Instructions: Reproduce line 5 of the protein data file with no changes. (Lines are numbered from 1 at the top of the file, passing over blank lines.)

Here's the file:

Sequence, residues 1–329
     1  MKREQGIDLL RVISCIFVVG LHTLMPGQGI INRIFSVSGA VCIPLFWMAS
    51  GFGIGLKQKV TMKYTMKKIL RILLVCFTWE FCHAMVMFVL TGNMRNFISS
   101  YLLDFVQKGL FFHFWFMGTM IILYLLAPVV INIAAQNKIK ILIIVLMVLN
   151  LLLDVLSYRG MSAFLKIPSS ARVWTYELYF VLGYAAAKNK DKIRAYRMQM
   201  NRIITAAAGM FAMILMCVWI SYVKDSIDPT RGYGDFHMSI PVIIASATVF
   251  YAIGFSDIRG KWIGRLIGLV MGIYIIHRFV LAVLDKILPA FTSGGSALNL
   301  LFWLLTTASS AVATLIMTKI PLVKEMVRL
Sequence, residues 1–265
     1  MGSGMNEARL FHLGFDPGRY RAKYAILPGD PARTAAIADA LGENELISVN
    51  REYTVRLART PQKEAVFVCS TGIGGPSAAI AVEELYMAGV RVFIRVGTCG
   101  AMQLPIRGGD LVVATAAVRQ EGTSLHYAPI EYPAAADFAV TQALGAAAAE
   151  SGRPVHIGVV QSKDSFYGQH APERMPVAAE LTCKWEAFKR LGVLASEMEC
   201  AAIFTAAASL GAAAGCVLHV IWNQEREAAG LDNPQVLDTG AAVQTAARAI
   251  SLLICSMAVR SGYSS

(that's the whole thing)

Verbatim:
   151  LLLDVLSYRG MSAFLKIPSS ARVWTYELYF VLGYAAAKNK DKIRAYRMQM